Cancer-care group to be given first award named for Sequim educator
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The award will be presented at the 11th annual Harvest of Hope Dinner, which benefits the OMC Cancer Center, at the SunLand Golf & Country Club, 109 Hilltop Drive.
The award will annually recognize an institution or individual for their support of cancer care on the North Olympic Peninsula, said Bruce Skinner, director of the OMC Foundation.
The award honors Kaps, a successful Sequim High School basketball coach and educator who died of cancer when he was 55 years old.
“I think that Rick Kaps was the closest thing our town has had to a hero,” said fellow Sequim High educator Mark Textor.
The Seattle Cancer Care Alliance has brought both financial support and its expertise to enhance cancer care on the Peninsula.
“Uniting physicians from Fred Hutchinson Cancer Research Center, University of Washington Medicine and Seattle Children's Hospital under one network, the Seattle Cancer Care Alliance has teamed with OMC cancer care providers to substantially improve the level of cancer care available at the OMC Cancer Center,” Skinner said.
“Along with that, the alliance has brought best practices to the Peninsula and provides continuing medical education to physicians and supporting staff of the OMC Cancer Center,” he continued.
OMC was the alliance's first affiliate member in 2002. The group facilitates the flow of scientific information among researchers, clinicians and patients to accelerate the development of new knowledge and treatment of various cancers.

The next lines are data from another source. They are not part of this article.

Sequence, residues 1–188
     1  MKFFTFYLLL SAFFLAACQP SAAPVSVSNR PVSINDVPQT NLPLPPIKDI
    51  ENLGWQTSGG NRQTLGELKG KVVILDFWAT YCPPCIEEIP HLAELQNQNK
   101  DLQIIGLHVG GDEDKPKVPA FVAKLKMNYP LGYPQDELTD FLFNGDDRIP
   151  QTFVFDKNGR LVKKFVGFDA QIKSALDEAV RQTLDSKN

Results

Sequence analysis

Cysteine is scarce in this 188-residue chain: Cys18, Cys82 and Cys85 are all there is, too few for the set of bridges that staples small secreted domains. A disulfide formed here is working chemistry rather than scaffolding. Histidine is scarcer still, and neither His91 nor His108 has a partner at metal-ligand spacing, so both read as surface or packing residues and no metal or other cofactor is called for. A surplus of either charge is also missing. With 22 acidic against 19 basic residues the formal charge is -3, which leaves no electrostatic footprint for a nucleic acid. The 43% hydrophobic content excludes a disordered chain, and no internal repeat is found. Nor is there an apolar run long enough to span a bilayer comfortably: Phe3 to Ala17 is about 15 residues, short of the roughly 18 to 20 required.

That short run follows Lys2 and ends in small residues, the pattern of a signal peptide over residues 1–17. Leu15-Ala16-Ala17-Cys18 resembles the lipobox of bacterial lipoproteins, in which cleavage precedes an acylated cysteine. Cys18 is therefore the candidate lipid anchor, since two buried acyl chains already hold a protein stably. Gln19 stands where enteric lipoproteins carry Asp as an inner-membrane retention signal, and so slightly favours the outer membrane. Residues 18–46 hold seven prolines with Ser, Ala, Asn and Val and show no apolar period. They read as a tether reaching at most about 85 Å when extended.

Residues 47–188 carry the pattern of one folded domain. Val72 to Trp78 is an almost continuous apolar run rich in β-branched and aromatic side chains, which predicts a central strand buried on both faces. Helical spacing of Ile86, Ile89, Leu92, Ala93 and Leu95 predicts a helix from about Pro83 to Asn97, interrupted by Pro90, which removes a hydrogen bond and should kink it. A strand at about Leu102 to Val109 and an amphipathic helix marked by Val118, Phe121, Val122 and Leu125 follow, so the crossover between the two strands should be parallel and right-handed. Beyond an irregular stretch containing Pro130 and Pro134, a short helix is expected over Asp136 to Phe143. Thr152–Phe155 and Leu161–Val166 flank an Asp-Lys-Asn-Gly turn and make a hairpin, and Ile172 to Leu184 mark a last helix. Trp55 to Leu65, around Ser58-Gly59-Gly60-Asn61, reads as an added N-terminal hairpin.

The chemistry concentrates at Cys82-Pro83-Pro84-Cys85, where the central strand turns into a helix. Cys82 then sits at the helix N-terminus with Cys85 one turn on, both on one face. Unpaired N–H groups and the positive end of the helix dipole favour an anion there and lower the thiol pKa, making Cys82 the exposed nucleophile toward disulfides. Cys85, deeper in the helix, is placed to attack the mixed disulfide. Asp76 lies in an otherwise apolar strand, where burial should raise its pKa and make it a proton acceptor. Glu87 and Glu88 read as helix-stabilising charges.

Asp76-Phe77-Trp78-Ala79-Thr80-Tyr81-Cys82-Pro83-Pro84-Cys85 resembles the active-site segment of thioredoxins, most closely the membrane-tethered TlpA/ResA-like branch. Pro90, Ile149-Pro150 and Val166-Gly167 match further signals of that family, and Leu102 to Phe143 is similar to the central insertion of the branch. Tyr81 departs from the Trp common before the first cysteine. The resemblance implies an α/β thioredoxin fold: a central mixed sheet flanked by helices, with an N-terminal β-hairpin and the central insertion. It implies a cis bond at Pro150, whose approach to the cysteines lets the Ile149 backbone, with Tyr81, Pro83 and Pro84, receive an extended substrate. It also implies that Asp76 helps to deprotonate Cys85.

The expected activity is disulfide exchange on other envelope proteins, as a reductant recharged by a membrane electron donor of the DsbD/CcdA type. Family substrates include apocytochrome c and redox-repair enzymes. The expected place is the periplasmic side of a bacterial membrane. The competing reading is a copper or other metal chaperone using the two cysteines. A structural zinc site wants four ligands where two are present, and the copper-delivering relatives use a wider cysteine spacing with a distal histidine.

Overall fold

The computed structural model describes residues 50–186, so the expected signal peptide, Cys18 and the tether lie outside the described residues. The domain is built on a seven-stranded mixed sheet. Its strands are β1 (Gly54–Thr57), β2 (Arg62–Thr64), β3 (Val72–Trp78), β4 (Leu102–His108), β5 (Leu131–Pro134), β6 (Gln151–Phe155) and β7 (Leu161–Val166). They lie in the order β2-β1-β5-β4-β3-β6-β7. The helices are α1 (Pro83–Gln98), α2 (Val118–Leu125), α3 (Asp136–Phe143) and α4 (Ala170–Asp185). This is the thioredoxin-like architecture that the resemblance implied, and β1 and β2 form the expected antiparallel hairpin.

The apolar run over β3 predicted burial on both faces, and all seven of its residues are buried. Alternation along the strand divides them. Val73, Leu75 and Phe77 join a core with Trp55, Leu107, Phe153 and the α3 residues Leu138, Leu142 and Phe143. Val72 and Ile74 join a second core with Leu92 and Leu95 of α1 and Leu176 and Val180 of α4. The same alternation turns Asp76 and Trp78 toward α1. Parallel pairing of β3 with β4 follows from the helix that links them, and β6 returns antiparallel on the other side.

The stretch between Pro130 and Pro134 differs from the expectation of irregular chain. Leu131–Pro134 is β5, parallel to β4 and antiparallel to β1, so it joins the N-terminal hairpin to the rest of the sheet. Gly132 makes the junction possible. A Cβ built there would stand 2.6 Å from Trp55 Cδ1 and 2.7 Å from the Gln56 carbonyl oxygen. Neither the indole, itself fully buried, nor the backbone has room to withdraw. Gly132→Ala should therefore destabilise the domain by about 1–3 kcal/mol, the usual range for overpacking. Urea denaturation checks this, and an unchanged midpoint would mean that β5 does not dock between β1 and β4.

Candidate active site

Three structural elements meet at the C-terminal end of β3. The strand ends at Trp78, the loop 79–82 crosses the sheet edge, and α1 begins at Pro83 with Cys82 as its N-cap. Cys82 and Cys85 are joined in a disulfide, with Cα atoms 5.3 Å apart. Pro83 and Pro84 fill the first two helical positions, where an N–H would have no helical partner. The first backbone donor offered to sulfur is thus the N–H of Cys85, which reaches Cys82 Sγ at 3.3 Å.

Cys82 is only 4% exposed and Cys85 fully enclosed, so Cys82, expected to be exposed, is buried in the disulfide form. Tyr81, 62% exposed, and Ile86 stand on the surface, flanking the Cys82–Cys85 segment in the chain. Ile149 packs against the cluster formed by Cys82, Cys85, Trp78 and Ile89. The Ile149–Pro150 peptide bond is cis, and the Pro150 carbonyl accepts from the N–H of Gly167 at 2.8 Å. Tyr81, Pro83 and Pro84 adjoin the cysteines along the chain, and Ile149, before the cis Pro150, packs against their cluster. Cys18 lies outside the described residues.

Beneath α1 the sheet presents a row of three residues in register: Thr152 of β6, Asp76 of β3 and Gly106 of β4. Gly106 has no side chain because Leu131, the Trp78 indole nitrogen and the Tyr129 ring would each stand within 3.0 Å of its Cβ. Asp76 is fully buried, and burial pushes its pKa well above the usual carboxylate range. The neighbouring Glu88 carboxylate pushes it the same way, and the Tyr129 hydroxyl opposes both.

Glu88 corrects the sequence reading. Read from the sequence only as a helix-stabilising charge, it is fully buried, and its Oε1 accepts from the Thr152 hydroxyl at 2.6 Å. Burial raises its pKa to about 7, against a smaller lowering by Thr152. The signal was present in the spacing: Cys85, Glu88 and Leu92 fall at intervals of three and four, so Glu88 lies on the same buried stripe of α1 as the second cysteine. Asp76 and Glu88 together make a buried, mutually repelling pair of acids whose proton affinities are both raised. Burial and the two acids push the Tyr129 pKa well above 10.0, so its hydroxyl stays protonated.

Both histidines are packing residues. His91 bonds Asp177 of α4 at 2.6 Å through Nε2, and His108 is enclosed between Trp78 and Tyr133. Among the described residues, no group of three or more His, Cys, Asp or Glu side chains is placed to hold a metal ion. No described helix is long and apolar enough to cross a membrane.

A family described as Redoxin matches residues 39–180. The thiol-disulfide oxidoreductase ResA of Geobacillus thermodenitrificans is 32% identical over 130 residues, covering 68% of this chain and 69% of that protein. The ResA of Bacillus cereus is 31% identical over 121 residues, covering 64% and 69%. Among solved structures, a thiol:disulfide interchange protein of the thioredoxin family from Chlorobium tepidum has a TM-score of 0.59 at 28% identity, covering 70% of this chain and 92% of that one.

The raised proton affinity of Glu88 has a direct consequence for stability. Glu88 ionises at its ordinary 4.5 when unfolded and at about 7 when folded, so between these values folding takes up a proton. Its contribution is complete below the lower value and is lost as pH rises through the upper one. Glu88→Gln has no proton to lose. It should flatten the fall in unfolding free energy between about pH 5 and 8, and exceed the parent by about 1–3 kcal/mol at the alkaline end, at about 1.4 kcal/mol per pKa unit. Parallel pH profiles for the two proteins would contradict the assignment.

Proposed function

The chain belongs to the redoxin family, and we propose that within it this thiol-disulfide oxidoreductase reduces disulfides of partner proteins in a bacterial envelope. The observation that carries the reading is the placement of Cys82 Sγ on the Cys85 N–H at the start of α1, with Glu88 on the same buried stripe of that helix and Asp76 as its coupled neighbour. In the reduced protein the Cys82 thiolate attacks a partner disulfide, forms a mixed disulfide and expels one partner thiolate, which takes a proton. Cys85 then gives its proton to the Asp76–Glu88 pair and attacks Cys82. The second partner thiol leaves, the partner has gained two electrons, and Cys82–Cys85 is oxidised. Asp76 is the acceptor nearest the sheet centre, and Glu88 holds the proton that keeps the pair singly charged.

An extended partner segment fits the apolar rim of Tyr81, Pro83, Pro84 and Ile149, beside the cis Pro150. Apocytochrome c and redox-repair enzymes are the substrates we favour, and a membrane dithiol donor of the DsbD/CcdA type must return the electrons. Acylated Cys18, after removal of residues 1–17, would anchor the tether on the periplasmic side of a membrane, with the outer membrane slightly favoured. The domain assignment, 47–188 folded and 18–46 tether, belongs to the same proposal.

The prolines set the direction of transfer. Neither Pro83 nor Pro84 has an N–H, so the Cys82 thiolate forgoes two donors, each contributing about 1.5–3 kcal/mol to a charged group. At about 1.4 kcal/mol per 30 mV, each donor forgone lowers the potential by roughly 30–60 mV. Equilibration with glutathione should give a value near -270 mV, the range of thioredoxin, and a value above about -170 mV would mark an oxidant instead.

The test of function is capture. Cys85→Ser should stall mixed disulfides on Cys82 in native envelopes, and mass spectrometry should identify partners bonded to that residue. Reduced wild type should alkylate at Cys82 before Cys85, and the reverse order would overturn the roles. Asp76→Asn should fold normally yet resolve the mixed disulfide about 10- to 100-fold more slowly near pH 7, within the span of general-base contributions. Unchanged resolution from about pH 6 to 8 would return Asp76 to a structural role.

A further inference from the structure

“The SCCA's mission is to make sure cancer patients across the North Olympic Peninsula have access to the best treatments and technologies available,” said Cecilia Zapata, director of regional and global network and physician educational outreach at SCCA.
During Kaps' career, his 1988 team, led by son Ryan, finished second in the state with nary a starter over 6-foot-3, losing to Rainier Beach, which was led by future NBA star Doug Christie, Skinner said.
Four of his teams made it to the tournament, while six were district champions.
He was named Washington state basketball coach of the year in 1988.
When Kaps died of cancer in February 1998, more than 1,000 people attended his services.
“Rick Kaps may be best known as the highly successful coach of Sequim basketball games,” wrote Sequim Gazette Editor Jim Manders then, “but there was much more to the man than what happened on a shiny wooden court.”
'One in a million'
Said Larry Hill, who was Kaps' assistant and succeeded him as head coach: “I have memories of breaking chalk and flying clipboards, but through it all, I know that he always cared about his players.
“Most people remember him as a coach, but first and foremost, he was a teacher,” Hill said.
“He really knew what was important in life, which was relationships with people he cared about,” said Kaps' son, Ryan, who went on to play basketball at the University of Washington and Weber State University.
“He was one in a million,” said longtime friend Dave Blake. “He would drop everything to help someone in need.”
Hill said most people didn't realize Kaps, who remained athletic director at Sequim until retiring in 1996, would adopt a non-basketball student every year.
“It was usually somebody out of the mainstream, and Rick would see something he liked in a kid,” Hill said.
“A lot of those kids have grown because he'd give them the time of day,” Hill continued.
“It was a fascinating experience to watch him do that every year. He really enjoyed it, and I don't think a lot of people understood that side of him.”
Last modified: October 19. 2013 2:01PM